“Oh man, that sucks then.”
I was attracted to “Smart People” by the fact that it features two of my favorite actors, Ellen Page and Dennis Quaid. It seemed like a fairly clever, interesting movie, and I'd been looking forward to seeing it for several weeks.
As it turns out, the film was like one of those meals at a restaurant that sounds super delicious and that you spend 45 minutes waiting on, but then once it finally arrives, is a little dry and just not as satisfying as you were just sure it was going to be.
I was disappointed. The whole movie just made me really uncomfortable. From the awkwardness and unwarranted freaking out between Lawrence and Janet to the weird relationship between Chuck and Vanessa, I was becoming unhappy as I watched this film progress from several unhappy people to a whole bunch of angry, unhappy people to a bunch of people who finally realized that they were angry and unhappy.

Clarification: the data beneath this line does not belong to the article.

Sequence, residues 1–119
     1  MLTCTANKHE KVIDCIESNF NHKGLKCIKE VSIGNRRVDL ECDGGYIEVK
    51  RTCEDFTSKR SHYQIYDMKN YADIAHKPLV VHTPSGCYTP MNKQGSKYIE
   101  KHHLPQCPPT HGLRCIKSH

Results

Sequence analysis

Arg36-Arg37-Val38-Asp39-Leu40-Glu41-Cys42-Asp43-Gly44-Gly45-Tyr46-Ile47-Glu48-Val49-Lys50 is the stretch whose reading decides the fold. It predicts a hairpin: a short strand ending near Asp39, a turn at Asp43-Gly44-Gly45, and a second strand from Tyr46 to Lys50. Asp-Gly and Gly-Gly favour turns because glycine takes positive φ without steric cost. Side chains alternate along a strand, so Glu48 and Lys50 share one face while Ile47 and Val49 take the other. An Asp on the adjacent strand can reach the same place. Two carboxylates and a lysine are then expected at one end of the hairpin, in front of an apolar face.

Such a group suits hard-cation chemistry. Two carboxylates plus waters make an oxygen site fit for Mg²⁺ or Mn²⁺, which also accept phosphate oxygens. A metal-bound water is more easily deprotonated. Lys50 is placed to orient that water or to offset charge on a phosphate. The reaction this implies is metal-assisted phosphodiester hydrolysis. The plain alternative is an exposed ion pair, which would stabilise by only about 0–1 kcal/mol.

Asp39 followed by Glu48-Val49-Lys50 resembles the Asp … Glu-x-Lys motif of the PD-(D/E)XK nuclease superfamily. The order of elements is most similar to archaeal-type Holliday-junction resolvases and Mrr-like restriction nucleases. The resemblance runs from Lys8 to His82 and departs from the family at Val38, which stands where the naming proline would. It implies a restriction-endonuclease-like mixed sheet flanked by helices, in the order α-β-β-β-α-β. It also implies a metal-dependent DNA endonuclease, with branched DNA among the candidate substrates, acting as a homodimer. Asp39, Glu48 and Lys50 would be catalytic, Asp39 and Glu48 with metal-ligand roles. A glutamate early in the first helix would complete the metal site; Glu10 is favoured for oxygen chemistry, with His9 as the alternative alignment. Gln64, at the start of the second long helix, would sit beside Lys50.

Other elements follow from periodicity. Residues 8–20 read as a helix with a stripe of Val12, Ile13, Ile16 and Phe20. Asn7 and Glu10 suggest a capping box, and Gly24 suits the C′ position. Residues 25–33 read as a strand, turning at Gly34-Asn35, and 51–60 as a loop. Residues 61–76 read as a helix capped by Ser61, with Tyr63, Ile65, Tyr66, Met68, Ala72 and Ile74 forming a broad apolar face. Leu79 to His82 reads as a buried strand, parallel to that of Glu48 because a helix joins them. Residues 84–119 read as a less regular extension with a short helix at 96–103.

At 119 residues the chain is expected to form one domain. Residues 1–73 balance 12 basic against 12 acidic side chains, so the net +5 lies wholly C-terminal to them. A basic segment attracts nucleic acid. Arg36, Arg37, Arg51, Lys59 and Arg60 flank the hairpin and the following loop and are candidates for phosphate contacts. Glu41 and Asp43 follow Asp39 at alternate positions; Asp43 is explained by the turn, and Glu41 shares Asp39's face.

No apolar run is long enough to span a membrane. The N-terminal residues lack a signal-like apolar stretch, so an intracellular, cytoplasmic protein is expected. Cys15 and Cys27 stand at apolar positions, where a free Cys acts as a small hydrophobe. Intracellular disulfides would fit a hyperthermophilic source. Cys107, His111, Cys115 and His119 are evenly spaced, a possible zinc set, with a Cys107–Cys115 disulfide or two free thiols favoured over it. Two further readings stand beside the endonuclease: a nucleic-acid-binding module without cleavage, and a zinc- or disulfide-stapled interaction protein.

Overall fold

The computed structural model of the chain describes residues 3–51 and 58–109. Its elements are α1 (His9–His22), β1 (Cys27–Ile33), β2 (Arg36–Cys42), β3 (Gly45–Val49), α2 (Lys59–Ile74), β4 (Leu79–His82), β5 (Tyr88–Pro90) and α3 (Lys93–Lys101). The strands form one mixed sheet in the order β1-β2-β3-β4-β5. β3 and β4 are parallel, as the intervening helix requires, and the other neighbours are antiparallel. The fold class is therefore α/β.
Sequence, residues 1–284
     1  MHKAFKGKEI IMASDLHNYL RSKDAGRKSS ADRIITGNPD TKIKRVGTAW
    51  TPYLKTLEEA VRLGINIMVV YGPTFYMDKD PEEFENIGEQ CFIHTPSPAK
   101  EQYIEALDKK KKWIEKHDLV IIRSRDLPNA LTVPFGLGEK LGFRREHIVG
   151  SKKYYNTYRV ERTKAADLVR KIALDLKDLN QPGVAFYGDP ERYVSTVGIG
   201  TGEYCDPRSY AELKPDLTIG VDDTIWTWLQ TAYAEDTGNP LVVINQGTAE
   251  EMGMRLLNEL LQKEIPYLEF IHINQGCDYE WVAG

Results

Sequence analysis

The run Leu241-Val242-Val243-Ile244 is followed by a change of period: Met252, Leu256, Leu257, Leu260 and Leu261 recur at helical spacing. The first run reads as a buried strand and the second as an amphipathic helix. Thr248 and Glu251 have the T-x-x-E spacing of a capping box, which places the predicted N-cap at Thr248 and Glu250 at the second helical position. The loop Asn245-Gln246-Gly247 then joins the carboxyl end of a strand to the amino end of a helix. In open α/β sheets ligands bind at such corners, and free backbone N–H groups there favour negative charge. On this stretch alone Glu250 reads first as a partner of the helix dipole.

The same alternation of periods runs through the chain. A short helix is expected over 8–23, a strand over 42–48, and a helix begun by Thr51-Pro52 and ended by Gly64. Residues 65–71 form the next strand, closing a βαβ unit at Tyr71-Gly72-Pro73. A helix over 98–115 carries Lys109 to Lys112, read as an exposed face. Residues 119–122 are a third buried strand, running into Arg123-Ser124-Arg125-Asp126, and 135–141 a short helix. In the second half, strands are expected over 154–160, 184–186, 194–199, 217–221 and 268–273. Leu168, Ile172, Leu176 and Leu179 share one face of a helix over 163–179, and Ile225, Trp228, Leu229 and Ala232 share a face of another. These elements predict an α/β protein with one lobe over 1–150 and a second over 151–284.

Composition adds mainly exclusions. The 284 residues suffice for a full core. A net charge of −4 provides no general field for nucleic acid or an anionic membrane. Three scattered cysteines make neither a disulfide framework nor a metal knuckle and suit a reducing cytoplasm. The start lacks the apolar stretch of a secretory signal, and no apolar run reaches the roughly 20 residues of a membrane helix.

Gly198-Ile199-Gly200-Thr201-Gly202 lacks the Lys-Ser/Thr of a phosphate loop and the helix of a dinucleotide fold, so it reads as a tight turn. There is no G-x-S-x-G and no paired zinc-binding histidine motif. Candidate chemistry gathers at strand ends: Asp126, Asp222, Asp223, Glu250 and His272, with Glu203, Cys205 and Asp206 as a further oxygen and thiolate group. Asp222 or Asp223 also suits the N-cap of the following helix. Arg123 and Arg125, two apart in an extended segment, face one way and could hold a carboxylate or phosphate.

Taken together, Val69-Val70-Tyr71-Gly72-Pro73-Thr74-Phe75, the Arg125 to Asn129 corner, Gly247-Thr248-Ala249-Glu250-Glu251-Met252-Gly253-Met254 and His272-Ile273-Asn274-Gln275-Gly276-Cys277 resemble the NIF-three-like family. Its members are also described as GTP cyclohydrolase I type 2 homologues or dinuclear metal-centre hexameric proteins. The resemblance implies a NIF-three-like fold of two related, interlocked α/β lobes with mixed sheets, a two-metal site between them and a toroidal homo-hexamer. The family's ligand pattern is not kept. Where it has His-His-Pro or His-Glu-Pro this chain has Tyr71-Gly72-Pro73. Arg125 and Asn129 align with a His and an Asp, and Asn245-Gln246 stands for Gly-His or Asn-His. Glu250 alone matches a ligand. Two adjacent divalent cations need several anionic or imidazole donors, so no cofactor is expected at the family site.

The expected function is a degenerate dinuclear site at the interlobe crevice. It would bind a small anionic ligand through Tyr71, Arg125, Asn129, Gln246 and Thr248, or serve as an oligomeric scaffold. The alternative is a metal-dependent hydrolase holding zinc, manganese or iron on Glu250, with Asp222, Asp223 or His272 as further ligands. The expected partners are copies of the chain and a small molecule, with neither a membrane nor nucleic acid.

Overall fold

Lawrence realized that he'd been wasting his life away. Vanessa realized that her father and role model, and therefore she herself, was just a sad, sad person.
The film does have some bright spots. Occasionally, lines are funny, and most of the characters do realize how messed up they are at the end, in case you were afraid they weren't going to figure it out.
And if you feel like it ended really abruptly, keep watching for a couple more minutes. The ending credits are probably the best, most adorable part of the film, and you won't want to miss them.
The thing is, I hated every single character in this movie. That's not even an exaggeration. Every character is a really unappealing person, and that really takes away from my enjoyment of a movie when there's no one I can relate to.